Research Articles

2020  |  Vol: 6(5)  |  Issue: 5 (September- October)  |
A Prospective study on symptomatic betterment of Helicobacter pylori positive patients taking standard triple therapy

Bushra Abdul Rahim1, Aleena Francis1, Arathi S. Nair1, Limi Joseph1, Soumya R.V.*, Prashobh G. R.2

1Doctor of Pharmacy Interns, Department of Pharmacy   Practice, Sree Krishna College of Pharmacy and Research Centre, Parassala, Thiruvananthapuram

2Sree Krishna College of Pharmacy and Research Centre, Parassala, Thiruvananthapuram

*Address for Corresponding Author

Soumya R.V.

Sree Krishna College of Pharmacy and Research Centre, Parassala, Thiruvananthapuram, India



Background: Different treatment strategies are being developed and adopted from day to day in the research fields and clinical setting for helicobacter pylori infection. Aim: This study shows the effectiveness and betterment achieved by Helicobacter pylori affected individuals who followed a 14 day therapy that included 40 mg of Proton pump inhibitor (before food), 1000 mg of Amoxicillin (after food) and 500 mg of Clarithromycin (after food), each twice daily. Methods: This treatment regimen is commonly called as the Standard Triple Therapy. For this study, 90 patients were recruited and their symptomatic betterment were assessed using the GSR scale that were administered twice to the patients- prior to the initiation of the treatment and after the completion of the treatment. Results: After the successful treatment of 88 patients, an overall symptom reduction by 93.2% was observed. For better understanding the symptoms scores were categorized into reflux score, abdominal pain score, indigestion score, diarrhoea sore and constipation score. And a reduction of these symptoms by 90.9%, 86.4%, 92%, 90.9% and 90.9% respectively were observed. Conclusion: This study contradicts many other studies that showed a better effectiveness of sequential therapy over standard triple therapy in H. pylori positive patients.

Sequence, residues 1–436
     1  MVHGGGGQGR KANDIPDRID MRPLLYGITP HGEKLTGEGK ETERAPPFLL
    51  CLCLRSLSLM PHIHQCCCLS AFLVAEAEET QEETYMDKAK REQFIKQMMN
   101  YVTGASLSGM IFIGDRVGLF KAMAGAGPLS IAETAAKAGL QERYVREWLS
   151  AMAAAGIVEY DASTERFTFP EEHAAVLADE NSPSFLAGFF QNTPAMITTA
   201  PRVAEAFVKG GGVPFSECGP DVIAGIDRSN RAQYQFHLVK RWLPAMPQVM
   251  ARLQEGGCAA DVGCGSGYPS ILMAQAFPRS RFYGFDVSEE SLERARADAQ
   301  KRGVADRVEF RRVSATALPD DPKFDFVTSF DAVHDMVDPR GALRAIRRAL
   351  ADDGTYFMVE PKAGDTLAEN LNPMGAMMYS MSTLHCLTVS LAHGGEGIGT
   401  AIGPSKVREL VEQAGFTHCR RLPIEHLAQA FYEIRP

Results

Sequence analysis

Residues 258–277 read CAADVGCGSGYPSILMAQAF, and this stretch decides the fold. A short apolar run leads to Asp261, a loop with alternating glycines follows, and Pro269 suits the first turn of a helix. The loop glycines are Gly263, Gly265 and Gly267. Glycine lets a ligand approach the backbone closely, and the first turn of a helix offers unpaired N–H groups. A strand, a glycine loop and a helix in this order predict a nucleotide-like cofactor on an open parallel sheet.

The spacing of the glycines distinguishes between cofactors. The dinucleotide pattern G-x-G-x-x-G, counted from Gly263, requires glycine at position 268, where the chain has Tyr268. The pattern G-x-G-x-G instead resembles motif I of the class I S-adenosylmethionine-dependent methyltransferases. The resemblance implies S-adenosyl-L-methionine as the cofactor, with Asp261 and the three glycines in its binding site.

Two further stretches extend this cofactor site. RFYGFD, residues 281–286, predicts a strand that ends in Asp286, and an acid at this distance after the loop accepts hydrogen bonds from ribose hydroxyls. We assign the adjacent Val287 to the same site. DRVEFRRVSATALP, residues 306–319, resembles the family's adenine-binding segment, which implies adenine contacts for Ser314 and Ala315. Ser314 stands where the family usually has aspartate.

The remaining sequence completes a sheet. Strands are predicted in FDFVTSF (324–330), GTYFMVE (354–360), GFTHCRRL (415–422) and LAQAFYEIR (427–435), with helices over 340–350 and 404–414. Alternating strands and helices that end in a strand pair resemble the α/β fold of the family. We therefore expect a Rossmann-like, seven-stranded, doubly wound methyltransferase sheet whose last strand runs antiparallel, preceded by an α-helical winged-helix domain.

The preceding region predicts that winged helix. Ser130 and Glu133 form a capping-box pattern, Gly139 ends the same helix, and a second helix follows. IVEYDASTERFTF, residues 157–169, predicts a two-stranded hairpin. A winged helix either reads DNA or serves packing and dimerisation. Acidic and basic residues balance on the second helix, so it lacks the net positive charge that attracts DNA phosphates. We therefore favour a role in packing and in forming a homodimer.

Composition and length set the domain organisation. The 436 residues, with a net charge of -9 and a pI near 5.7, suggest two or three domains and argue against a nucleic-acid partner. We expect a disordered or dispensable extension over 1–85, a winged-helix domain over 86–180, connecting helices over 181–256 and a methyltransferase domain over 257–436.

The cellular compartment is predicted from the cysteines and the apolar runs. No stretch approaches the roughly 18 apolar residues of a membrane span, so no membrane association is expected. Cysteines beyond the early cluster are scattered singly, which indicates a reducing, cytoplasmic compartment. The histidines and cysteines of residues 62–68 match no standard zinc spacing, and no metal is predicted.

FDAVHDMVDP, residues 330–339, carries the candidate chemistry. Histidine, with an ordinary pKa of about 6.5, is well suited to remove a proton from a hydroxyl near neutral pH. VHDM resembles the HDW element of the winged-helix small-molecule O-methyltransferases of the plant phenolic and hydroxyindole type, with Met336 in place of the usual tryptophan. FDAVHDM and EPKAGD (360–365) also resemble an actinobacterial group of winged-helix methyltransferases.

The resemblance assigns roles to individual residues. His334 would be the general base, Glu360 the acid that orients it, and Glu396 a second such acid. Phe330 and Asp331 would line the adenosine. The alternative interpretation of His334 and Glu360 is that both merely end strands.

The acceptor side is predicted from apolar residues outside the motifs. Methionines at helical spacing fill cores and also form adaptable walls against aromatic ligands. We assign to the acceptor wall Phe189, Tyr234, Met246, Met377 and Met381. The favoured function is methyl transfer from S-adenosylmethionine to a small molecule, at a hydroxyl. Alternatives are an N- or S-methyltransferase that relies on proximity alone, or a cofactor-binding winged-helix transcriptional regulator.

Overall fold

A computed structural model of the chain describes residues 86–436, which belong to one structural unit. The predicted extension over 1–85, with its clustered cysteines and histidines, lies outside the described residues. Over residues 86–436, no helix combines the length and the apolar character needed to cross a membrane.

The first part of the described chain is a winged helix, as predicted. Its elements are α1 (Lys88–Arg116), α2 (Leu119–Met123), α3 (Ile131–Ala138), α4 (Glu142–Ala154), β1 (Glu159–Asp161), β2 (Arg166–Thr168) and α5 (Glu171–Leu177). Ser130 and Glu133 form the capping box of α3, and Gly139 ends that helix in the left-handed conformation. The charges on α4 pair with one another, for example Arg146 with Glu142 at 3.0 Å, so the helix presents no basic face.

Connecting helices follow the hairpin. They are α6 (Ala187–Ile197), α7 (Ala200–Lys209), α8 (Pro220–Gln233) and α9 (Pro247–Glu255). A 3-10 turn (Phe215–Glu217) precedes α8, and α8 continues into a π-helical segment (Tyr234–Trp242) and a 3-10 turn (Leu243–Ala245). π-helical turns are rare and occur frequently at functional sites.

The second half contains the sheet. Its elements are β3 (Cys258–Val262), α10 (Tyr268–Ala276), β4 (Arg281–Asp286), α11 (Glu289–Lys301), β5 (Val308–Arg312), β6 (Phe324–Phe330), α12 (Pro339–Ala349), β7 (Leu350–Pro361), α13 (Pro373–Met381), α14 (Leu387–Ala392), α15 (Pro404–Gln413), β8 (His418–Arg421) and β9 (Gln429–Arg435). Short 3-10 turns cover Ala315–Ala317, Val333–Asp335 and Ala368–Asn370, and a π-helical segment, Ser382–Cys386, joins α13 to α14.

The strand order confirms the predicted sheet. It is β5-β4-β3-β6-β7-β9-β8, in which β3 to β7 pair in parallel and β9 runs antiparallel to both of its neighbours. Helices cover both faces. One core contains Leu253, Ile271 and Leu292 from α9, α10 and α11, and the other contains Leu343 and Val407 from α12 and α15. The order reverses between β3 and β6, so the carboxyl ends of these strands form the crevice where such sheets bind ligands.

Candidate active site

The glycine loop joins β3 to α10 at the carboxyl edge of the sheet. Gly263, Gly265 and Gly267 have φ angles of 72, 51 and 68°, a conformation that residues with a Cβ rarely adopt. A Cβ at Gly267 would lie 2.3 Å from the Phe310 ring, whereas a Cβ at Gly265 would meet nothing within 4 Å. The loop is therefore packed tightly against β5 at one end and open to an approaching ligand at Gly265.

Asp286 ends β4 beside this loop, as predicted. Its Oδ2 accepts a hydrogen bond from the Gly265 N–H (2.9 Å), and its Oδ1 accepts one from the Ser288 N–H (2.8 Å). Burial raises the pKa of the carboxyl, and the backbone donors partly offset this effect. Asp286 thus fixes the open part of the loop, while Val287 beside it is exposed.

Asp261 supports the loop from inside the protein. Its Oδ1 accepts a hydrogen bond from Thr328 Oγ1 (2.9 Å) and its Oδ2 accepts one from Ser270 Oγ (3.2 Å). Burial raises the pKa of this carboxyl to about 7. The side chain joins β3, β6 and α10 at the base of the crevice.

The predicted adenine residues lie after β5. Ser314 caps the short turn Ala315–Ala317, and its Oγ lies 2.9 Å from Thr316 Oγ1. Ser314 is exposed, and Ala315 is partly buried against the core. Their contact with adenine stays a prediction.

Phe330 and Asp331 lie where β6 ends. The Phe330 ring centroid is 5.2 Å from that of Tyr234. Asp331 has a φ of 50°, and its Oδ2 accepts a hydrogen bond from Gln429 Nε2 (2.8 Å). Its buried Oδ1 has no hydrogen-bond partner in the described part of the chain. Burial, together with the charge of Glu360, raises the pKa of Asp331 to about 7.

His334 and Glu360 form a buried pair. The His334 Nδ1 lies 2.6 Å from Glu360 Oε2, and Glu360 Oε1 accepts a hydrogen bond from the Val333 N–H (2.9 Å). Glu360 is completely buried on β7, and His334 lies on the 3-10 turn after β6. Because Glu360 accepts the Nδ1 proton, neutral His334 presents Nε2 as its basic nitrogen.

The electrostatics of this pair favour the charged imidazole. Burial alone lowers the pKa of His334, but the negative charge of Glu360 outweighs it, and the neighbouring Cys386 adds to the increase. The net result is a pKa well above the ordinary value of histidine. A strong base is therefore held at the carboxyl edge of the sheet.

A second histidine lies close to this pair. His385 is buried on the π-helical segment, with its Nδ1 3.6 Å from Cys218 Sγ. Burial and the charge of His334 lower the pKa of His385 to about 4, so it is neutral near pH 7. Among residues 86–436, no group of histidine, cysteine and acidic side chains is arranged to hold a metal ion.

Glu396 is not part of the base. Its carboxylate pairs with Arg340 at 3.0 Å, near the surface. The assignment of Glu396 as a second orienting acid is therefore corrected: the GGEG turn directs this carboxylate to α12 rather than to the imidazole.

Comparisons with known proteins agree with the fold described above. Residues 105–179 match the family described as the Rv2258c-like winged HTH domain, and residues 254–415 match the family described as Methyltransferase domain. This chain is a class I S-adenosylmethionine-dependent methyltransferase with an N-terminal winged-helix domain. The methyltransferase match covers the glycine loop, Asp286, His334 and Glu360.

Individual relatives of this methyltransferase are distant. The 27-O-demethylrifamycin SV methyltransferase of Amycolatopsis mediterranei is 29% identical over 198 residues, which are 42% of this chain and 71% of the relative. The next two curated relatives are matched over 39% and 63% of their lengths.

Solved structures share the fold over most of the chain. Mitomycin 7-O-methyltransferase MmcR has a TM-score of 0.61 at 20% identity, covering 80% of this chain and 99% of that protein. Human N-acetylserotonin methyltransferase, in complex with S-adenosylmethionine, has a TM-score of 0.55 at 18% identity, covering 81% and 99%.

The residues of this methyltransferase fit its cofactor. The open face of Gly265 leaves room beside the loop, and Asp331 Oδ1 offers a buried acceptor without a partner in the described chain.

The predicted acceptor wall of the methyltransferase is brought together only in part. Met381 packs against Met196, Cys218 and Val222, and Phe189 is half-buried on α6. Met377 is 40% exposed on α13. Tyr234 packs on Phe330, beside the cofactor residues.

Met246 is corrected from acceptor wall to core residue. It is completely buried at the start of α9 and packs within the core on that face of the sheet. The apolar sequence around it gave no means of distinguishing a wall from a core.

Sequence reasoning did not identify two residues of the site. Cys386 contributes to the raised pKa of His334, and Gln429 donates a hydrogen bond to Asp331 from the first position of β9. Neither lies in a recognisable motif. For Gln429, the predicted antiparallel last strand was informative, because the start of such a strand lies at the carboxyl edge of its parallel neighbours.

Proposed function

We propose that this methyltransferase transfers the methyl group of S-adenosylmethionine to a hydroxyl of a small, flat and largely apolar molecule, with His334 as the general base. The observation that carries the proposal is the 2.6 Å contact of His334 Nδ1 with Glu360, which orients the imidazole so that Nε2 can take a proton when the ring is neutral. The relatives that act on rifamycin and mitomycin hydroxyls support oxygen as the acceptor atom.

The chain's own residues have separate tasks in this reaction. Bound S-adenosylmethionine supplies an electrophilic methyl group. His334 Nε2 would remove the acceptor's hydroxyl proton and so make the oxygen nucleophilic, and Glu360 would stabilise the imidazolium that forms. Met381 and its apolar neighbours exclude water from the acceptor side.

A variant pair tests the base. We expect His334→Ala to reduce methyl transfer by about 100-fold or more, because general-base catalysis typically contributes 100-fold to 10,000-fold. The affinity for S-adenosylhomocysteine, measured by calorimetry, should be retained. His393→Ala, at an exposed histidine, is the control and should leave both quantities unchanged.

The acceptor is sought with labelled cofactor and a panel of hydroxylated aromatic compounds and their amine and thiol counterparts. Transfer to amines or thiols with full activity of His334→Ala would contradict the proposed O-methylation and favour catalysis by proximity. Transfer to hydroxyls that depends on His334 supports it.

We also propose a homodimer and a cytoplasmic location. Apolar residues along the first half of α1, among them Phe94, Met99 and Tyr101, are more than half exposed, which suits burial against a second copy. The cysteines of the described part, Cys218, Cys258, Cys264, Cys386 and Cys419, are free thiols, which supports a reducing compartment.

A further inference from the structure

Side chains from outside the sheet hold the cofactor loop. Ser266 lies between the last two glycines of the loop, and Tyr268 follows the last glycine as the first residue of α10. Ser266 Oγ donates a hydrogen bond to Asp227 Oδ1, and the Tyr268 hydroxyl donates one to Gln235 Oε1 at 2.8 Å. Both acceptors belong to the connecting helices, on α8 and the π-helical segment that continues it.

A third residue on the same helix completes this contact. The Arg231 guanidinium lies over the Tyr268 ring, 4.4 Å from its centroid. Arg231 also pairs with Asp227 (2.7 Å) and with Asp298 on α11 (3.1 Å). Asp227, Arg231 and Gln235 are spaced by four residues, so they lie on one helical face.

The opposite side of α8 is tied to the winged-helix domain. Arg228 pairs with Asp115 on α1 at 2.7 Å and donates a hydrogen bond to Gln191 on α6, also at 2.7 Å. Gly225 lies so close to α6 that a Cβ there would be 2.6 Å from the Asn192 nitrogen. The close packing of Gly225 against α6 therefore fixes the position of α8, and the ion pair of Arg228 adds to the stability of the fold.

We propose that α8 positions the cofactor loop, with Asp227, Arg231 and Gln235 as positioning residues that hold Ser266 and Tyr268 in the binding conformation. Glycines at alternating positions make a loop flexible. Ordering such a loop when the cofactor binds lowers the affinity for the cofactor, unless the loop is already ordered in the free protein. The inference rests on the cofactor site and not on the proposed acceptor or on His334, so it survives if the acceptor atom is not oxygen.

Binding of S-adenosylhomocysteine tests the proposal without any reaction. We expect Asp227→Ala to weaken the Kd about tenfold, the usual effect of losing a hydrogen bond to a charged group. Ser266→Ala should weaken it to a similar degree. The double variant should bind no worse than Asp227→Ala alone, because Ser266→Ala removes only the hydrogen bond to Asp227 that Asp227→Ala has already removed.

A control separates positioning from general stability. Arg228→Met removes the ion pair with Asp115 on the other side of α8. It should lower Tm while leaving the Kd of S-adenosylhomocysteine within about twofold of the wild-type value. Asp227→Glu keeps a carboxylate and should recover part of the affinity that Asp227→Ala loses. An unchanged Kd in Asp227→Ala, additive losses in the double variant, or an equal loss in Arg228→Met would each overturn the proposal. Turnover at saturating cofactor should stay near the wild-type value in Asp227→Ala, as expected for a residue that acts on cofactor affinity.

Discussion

Keywords: Symptomatic betterment, standard triple therapy, Helicobacter pylori


Helicobacter pylori infection is a common bacterial, gastric infectious disease with a prevalence of 10% in developed western countries to 80% among the indigent population. 

Helicobacter pylori is a Gram-negative bacterium that selectively colonizes the gastric epithelium of humans. According to Barkun et al. (2015), Marshall and Warren first identified H. pylori in 1983 where it was juxtaposed to the gastric epithelium of patients with chronic gastritis. Unless treated, the H. pylori infection may persist for a lifetime and may contribute many other gastro-intestinal diseases such as chronic active gastritis, peptic ulceration, gastric adenocarcinoma and gastric mucosa associated lymphoid tissue lymphoma (Kusters et al., 2006).   PUD is one of the most common complication of Helicobacter pylori infection.

Approximately 10% of Americans develop chronic PUD during their lifetime. The incidence varies with ulcer type, age, gender, and geographic location. Race, occupation, genetic predisposition, and societal factors may play a minor role in ulcer pathogenesis, but are attenuated by the importance of HP infection and NSAID use. The prevalence of PUD in the United States has shifted from predominance in men to nearly comparable prevalence in men and women.

The decline in hospitalizations has resulted from a reduction in hospital admissions for uncomplicated duodenal ulcer. However, hospitalizations of older adults for ulcer-related complications (bleeding and perforation) have increased. Although the overall mortality from PUD has decreased, death rates have increased in patients older than 75 years of age, most likely a result of increased consumption of NSAIDs and an aging population. In the UK, the prevalence of H. pylori infection rises with age (reaching 50% in those aged >50) in the developing world, it affects up to 90%. Patients with gastric ulcer have a higher mortality rate than those with duodenal ulcer because gastric ulcer is more prevalent in older individuals.